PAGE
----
Article  Google Scholar 

  5. M.Q. Bu, T. Melvin, G.J. Ensell, J.S. Wilkinson, and A.G.R. Evans, Sensors and Actuators A-Physical 115, 476 (2004).

    Article  Google Scholar 

  6. L.J. Cheng, M.T. Kao, E. Meyhöfer, and J. Guo, Small 1, 409 (2005).

    Article  Google Scholar 

  7. J. Clemmens, H. Hess, R. Doot, C.M. Matzke, G.D. Bachand, and V. Vogel, Lab. Chip. 4, 83 (2004).

    Article  Google Scholar 

  8. J. Clemmens, H. Hess, R. Lipscomb, Y. Hanein, K. Bohringer, C. Matzke, G. Bachand, B. Bunker, and V. Vogel, Langmuir 19, 10967 (2003).

    Article  Google Scholar 

  9. D.L. Coy, M. Wagenbach, and J. Howard, J. Biol. Chem. 274, 3667 (1999).

    Article  Google Scholar 

  10. S. Farrens, V. Dragoi, R. Pelzer, M. Wimplinger, and P. Lindner, 207th Meeting of the Electrochemical Society (Quebec, Canada, Electrochemical Society Inc., Pennington, NJ, 2005).

  11. F. Gibbons, J.F. Chauwin, M. Desposito, and J.V. Jose, Biophys. J. 80, 2515 (2001).

    Google Scholar 

  12. F. Gittes, B. Mickey, J. Nettleton, and J. Howard, J. Cell Biol. 120, 923 (1993).

    Article  Google Scholar 

  13. L.S. Goldstein and A.V. Philp, Annu. Rev. of Cell Dev. Biol. 15, 141 (1999).

    Article  Google Scholar 

  14. D.D. Hackney, J. Biol. Chem. 269, 16508 (1994).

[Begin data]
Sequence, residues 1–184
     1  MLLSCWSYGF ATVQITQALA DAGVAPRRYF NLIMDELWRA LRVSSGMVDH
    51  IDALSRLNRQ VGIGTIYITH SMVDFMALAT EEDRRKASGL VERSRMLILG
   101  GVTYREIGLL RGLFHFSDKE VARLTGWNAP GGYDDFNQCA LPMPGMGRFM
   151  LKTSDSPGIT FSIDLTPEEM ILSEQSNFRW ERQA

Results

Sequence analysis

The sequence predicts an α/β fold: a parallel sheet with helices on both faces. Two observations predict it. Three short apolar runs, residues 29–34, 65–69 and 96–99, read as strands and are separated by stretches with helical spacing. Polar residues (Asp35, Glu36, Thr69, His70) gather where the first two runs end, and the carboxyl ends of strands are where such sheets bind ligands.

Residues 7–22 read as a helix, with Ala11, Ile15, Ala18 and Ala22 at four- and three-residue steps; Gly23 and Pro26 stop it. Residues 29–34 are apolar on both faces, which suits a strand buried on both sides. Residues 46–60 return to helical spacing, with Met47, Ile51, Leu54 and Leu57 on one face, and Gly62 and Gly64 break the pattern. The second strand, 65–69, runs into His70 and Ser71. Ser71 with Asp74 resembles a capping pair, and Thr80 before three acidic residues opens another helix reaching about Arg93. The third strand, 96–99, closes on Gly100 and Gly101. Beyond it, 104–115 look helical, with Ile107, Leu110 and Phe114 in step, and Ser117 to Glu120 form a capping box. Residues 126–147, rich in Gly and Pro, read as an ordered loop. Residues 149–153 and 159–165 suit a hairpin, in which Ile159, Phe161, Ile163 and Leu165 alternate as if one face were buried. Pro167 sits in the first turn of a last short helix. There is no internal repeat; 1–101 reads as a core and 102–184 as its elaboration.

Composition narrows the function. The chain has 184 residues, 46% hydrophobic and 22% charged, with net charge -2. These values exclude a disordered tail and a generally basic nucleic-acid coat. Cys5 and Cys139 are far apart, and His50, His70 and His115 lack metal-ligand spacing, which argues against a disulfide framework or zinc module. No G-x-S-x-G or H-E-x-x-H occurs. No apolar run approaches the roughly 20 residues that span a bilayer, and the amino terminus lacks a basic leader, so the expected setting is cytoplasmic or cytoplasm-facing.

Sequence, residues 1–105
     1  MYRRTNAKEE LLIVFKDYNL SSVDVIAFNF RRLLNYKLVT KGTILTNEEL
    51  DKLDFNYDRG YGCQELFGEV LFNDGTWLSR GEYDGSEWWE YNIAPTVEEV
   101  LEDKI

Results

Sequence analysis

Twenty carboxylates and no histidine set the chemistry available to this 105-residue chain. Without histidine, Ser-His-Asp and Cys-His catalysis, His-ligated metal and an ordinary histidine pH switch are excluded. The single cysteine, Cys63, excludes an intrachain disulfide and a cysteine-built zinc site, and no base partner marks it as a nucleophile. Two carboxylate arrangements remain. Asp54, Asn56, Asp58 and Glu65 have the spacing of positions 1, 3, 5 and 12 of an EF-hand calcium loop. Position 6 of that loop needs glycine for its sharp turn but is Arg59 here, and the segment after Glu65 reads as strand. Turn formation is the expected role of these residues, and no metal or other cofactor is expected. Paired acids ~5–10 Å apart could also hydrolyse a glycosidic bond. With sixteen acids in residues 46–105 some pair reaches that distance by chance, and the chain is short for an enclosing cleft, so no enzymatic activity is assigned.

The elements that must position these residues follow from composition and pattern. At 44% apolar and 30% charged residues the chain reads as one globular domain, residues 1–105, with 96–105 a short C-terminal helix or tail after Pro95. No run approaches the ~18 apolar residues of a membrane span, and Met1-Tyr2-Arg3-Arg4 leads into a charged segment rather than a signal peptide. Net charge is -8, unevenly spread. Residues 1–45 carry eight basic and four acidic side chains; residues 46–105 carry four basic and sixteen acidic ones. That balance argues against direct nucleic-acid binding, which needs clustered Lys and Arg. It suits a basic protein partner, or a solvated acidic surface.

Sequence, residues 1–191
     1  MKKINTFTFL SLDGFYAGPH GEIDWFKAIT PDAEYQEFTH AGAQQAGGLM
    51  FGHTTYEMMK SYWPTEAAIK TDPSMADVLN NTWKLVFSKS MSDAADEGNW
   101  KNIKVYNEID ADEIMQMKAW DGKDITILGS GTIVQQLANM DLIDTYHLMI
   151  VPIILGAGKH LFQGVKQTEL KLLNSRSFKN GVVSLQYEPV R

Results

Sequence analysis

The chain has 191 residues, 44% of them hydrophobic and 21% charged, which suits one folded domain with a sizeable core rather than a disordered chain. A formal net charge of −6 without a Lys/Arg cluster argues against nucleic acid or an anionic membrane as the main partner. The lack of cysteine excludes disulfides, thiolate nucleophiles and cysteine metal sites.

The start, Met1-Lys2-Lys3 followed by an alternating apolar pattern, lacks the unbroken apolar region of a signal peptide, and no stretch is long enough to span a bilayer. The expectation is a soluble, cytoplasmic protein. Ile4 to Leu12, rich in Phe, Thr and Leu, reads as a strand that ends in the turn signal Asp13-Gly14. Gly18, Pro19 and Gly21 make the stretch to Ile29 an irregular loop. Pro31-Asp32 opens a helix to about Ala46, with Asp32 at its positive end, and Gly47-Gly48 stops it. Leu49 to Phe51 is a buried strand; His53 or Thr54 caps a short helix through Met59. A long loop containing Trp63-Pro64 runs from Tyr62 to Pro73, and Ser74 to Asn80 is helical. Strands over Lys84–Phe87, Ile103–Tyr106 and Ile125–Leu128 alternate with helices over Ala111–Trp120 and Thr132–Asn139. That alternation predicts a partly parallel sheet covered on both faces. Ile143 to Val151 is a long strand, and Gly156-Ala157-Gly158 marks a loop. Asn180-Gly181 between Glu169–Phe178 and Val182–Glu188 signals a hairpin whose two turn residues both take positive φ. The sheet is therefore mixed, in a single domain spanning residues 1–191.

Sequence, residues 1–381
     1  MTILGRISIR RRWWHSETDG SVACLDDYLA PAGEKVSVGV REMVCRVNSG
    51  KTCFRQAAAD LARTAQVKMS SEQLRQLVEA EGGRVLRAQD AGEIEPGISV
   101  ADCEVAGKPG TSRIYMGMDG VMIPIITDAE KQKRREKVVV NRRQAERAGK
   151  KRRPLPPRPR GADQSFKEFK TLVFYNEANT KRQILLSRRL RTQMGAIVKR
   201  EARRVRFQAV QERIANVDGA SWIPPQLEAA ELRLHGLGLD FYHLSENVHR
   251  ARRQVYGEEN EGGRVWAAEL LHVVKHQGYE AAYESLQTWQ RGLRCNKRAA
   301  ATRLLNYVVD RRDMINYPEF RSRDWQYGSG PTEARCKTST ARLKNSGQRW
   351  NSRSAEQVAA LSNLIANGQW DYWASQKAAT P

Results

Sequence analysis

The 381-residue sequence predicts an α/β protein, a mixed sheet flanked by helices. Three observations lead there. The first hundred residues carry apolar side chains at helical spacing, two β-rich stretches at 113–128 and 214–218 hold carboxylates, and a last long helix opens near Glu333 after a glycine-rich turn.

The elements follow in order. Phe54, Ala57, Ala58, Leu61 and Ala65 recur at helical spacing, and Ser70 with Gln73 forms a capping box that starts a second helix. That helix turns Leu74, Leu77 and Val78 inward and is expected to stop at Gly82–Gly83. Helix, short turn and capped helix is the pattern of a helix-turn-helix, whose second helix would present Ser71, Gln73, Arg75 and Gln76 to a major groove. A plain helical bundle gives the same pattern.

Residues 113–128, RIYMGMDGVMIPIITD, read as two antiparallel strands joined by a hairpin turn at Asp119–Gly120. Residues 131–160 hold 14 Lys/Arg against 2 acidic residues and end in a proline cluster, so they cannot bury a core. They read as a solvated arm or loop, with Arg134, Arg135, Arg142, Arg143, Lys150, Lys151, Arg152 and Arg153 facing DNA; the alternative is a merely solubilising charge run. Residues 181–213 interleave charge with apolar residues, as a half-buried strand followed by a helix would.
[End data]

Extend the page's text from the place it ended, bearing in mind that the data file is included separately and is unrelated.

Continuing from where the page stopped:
Google Scholar 

  15. W.O. Hancock, Protein-based nanotechnology: Kinesin-microtubule driven systems for bioanalytical applications. Nanodevices for Life Sciences. (C. Kumar. Weinheim, Germany, Wiley-VCH, 2006) vol: 4, p. 241.

  16. W.O. Hancock, and J. Howard, J. Cell Biol. 140, 1395 (1998).

    Article  Google Scholar 

  17. H. Hess, G.D. Bachand, and V. Vogel, Chemistry 10, 2110 (2004).

    Article  Google Scholar 

  18. H. Hess, J. Clemmens, C. Matzke, G. Bachand, B. Bunker, and V. Vogel, Appl. Phys. A-Mater. Sci. & Process. 75, 309 (2002).

    Article  Google Scholar 

  19. Y. Hiratsuka, T. Tada, K. Oiwa, T. Kanayama, and T.Q. Uyeda, Biophys. J. 81, 1555 (2001).

    Google Scholar 

  20. N. Hirokawa, Y. Noda, and Y. Okada, Curr. Opin. Cell Biol. 10, 60 (1998).

    Article  Google Scholar 

  21. J. Howard, A.J. Hudspeth, and R.D. Vale, Nature 342, 154 (1989).

    Article  Google Scholar 

  22. Y.M. Huang, M. Uppalapati, W.O. Hancock, and T.N. Jackson, IEEE Adv. Packaging 28, 564 (2005).

    Article  Google Scholar 

  23. A.J. Hunt and J. Howard, Proc. Nat. Acad. Sci. USA 90, 11653 (1993).

    Google Scholar 

  24. A. Hyman, D. Drechsel, D. Kellogg, S. Salser, K. Sawin, P. Steffen, L. Wordeman, and T. Mitchison, Methods Enzymol. 196, 478 (1991).

    Article  Google Scholar 

  25. L. Jia, S.G. Moorjani, T.N. Jackson, and W.O. Hancock, Biomedical Microdevices 6, 67 (2004).